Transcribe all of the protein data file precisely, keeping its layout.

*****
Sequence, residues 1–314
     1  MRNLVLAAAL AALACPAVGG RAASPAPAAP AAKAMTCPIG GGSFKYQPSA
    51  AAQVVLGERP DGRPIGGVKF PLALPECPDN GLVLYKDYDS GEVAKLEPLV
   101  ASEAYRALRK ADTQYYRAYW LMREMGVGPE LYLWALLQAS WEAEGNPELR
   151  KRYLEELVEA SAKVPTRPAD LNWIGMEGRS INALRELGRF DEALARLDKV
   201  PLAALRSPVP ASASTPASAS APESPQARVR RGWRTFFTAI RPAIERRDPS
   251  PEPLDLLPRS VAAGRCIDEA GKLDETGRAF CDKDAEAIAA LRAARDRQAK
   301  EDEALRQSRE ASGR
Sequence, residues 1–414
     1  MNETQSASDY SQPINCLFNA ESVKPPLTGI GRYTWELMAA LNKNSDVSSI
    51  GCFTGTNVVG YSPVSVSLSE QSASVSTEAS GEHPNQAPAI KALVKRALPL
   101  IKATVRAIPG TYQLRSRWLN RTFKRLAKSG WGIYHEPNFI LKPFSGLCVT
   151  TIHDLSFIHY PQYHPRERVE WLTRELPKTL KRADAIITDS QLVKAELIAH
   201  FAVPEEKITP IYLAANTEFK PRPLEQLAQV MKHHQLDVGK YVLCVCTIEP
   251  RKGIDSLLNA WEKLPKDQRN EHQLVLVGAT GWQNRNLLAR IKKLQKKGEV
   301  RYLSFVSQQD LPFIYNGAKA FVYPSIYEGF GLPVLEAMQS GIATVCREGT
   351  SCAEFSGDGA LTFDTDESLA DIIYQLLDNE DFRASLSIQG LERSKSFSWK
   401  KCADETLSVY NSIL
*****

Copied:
Sequence, residues 1–314
     1  MRNLVLAAAL AALACPAVGG RAASPAPAAP AAKAMTCPIG GGSFKYQPSA
    51  AAQVVLGERP DGRPIGGVKF PLALPECPDN GLVLYKDYDS GEVAKLEPLV
   101  ASEAYRALRK ADTQYYRAYW LMREMGVGPE LYLWALLQAS WEAEGNPELR
   151  KRYLEELVEA SAKVPTRPAD LNWIGMEGRS INALRELGRF DEALARLDKV
   201  PLAALRSPVP ASASTPASAS APESPQARVR RGWRTFFTAI RPAIERRDPS
   251  PEPLDLLPRS VAAGRCIDEA GKLDETGRAF CDKDAEAIAA LRAARDRQAK
   301  EDEALRQSRE ASGR
Sequence, residues 1–414
     1  MNETQSASDY SQPINCLFNA ESVKPPLTGI GRYTWELMAA LNKNSDVSSI
    51  GCFTGTNVVG YSPVSVSLSE QSASVSTEAS GEHPNQAPAI KALVKRALPL
   101  IKATVRAIPG TYQLRSRWLN RTFKRLAKSG WGIYHEPNFI LKPFSGLCVT
   151  TIHDLSFIHY PQYHPRERVE WLTRELPKTL KRADAIITDS QLVKAELIAH
   201  FAVPEEKITP IYLAANTEFK PRPLEQLAQV MKHHQLDVGK YVLCVCTIEP
   251  RKGIDSLLNA WEKLPKDQRN EHQLVLVGAT GWQNRNLLAR IKKLQKKGEV
   301  RYLSFVSQQD LPFIYNGAKA FVYPSIYEGF GLPVLEAMQS GIATVCREGT
   351  SCAEFSGDGA LTFDTDESLA DIIYQLLDNE DFRASLSIQG LERSKSFSWK
   401  KCADETLSVY NSIL